MADISON, Ill. – Steve Torrence couldn’t stop himself on Friday. No one else could stop him Sunday and, as a result, the talented Texan found himself in the winners’ circle at the 20th AAA Insurance Midwest Nationals at Gateway Motorsports Park, near St. Louis, Mo.
Torrence, from Kilgore, beat Doug Kalitta in a final round decided by just .008 of a second and thereby extended his point lead from one round to two at the midpoint of the NHRA’s Countdown to the Championship.
It was a spectacular end to a weekend that began with an uncharacteristic mechanical problem. At the end of the burnout before Friday night’s scheduled qualifying run, a brake problem denied Torrence a run in what were the best conditions of the weekend.
However, while the Capco crew had a fix for the broken brake rotor, those vying with the 34-year-old cancer survivor for the $500,000 NHRA Mello Yello Championship had no answers on race day for a dragster that made four consecutive 1,000-foot runs in less than 3.70 seconds.
“We’re leaving here with a bigger point lead and (another) trophy,” Torrence said, “but there’s a lot more racing ahead. You can’t breathe easy with guys like Doug, Brittany (Force) and Antron (Brown) right behind you. So, we’re gonna celebrate this one, go home and do a little pipeline business and then start getting ready for Dallas (and the 32nd annual AAA Texas Fall Nationals).
“We’re not going to do anything different,” said the 16-time tour winner. “We got here by doing what we do and doing it ourselves. That’s our game plan. We know that to win this championship we’re going to have to fight for every little point because it could come down to one or two points at the end.”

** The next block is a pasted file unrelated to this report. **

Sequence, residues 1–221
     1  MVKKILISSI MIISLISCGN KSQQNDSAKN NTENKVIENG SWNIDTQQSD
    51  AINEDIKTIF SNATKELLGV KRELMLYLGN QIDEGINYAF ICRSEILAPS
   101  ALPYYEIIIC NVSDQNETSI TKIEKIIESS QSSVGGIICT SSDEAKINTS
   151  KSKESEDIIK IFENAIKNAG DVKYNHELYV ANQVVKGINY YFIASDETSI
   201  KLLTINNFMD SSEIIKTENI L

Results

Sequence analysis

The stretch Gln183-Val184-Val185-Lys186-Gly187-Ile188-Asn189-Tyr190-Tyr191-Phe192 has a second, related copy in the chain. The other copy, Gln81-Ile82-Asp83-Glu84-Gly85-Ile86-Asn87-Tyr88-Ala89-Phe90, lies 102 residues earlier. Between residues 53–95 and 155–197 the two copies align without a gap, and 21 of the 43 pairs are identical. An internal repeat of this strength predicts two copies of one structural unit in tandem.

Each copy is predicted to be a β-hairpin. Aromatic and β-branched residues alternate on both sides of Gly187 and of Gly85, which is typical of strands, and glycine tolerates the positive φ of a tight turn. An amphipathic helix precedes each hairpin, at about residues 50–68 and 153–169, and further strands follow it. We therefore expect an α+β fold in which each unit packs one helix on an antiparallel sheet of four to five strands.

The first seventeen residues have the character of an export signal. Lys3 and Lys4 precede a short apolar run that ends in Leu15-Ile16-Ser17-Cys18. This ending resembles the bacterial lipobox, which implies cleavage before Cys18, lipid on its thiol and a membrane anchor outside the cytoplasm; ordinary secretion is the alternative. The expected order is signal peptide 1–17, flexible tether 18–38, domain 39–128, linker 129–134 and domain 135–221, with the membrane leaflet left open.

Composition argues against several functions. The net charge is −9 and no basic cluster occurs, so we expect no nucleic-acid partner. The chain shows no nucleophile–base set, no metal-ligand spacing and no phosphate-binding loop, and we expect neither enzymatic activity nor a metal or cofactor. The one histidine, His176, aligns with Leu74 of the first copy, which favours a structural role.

Sunday’s win was especially gratifying for the former Top Alcohol Dragster World Champion (2005) because in every round, he beat a car fielded by one of the sport’s two premier Top Fuel teams: two Don Schumacher Racing entries and two Kalitta Motorsports entries.
As the No. 7 qualifier, he wound up opposite former world champion Shawn Langdon in round one, taking him out with a time of 3.675 seconds and a finish line speed of 329.58 miles per hour. In round two, he beat arch rival Leah Pritchett with a solid 3.678 and then took out Brown with a 3.689. In the final, his 3.684 was just good enough to best Kalitta’s 3.698.
The win over Brown, who off the track is one of his closest friends, was particularly gratifying insomuch as he was only 1-20 against the three-time champion coming into the 2017 season. With Sunday’s win, he improved to 5-3 for the season and 6-23 overall.